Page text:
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Child Exploitation

Director of Fresno-area youth club indicted for enticement of a minor

FRESNO, Calif. – The head of the Firebaugh Boys and Girls Club was indicted Thursday on federal child sexual exploitation charges, following a probe by U.S. Immigration and Customs Enforcement’s (ICE) Homeland Security Investigations (HSI), the Fresno County Sheriff’s Office and the Firebaugh Police Department.

Juan Martin Torres, 25, is accused of enticing a minor to engage in unlawful sexual activity. The case is being prosecuted by Michael G. Tierney with the U.S. Attorney’s Office for the Eastern District of California.

According to court documents, on Oct. 3 a 14-year-old victim reported to the police that Torres was harassing him through an Internet messaging service. The victim had been working community service hours at the Boys and Girls Club under Torres’ supervision. Torres began the chats in April. Torres, who had been employed at the club for approximately seven years, allegedly offered to give the victim credit for community service in exchange for engaging in sexual acts.

"Those who exploit their access to children to gratify their own perverse sexual desires are on notice that there will be serious consequences for those actions," said Mike Prado, resident agent in charge for HSI Fresno. "When individuals who are entrusted to serve as role models for our children violate that trust, there will be zero tolerance. HSI will continue to work closely with its local law enforcement partners to target those involved in the sexual exploitation of children to ensure they are held accountable for their crimes."

Torres made his initial court appearance on the charges Oct. 11 and was released on bond. His arraignment is set for Oct. 25. If convicted, Torres faces a minimum jail term of 10 years and a maximum statutory penalty of life in prison, along with a $250,000 fine.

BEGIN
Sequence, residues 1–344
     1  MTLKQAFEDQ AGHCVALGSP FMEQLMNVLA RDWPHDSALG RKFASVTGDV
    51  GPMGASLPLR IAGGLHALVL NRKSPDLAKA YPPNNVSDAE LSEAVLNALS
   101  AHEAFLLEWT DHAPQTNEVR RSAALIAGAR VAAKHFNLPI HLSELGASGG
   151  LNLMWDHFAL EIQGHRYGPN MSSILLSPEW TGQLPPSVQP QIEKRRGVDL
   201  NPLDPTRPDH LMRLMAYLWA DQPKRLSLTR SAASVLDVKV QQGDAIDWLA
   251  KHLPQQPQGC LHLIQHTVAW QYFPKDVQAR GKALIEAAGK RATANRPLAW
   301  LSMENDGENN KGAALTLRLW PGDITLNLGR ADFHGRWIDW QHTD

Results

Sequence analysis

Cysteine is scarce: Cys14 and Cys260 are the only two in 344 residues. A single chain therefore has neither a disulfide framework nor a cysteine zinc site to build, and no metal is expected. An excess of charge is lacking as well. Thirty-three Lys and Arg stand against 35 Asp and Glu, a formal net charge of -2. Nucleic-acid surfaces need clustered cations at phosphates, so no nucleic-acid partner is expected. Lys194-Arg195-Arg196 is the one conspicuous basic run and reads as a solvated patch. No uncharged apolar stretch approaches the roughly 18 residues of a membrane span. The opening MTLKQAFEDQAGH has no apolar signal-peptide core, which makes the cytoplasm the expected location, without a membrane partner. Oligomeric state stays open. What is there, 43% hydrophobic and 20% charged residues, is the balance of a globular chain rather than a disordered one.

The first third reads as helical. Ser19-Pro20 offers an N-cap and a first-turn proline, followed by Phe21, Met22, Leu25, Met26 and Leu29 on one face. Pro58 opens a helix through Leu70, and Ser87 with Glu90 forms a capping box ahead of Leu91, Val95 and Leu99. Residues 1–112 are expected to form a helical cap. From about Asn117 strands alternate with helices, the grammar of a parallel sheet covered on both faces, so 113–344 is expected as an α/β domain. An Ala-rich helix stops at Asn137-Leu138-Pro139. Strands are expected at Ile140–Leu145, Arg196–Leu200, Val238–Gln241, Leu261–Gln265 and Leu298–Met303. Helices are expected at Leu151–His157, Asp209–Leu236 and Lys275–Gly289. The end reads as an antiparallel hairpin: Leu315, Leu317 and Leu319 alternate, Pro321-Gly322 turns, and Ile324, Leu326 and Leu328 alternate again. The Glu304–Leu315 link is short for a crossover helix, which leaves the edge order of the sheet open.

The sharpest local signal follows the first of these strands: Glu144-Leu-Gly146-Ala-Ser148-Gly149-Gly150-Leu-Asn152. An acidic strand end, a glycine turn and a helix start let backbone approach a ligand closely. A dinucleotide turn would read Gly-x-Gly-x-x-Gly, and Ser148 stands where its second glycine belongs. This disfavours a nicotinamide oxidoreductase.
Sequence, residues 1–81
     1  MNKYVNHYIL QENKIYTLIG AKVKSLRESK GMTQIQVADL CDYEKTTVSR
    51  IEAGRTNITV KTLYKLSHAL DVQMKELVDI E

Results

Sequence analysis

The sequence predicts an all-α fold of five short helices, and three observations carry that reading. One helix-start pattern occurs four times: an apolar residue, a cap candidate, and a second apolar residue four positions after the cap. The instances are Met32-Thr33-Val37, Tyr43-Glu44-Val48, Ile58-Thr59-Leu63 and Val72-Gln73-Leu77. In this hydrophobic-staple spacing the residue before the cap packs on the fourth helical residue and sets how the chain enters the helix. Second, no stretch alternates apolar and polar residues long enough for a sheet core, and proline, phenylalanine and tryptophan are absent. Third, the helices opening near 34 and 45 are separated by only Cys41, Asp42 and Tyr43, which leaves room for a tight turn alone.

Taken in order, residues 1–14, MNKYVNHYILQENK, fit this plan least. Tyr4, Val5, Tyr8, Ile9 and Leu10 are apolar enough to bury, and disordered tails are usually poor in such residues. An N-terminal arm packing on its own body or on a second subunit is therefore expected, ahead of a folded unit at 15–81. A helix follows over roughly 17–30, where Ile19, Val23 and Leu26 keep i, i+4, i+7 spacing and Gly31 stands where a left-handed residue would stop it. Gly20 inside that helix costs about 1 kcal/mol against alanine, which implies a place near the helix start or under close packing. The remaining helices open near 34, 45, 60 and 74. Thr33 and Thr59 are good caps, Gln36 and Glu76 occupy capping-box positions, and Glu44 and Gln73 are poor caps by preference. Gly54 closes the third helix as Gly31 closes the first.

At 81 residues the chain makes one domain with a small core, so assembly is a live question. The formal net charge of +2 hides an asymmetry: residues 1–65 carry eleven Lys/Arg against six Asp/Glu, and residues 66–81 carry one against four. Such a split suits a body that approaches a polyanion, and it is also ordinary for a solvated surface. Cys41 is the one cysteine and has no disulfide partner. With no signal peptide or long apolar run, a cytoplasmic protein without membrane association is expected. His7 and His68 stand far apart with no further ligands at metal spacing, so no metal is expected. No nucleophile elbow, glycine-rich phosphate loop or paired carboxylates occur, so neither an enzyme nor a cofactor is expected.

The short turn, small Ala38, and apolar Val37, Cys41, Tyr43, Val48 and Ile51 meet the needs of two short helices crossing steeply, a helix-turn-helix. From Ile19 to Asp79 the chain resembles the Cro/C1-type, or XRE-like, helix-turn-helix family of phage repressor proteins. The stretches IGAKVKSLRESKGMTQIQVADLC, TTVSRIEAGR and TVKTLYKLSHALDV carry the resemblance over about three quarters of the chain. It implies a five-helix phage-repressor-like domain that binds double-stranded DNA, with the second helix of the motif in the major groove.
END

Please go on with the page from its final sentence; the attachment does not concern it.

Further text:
The charges stem from Operation Predator, a nationwide HSI initiative to protect children from sexual predators, including those who travel overseas for sex with minors, Internet child pornographers, criminal alien sex offenders and child sex traffickers, and Project Safe Childhood, a Department of Justice effort launched in May 2006 to combat the growing epidemic of child sexual exploitation and abuse.

Led by the United States Attorneys’ Offices and the Criminal Division’s Child Exploitation and Obscenity Section, Project Safe Childhood marshals federal, state and local resources to locate, apprehend, and prosecute those who sexually exploit children, and to identify and rescue victims. For more information about Project Safe Childhood, please visit www.justice.gov/psc. Click on the "resources" tab for information about Internet safety.

HSI encourages the public to report suspected child predators and any suspicious activity through its toll-free hotline at 1-866-347-2423 or by completing its online tip form. Both are staffed around the clock by investigators. Suspected child sexual exploitation or missing children may be reported to the National Center for Missing & Exploited Children, an Operation Predator partner, via its toll-free 24-hour hotline, 1-800-843-5678.

HSI is a founding member and current chair of the Virtual Global Taskforce, an international alliance of law enforcement agencies and private industry sector partners working together to prevent and deter online child sexual abuse.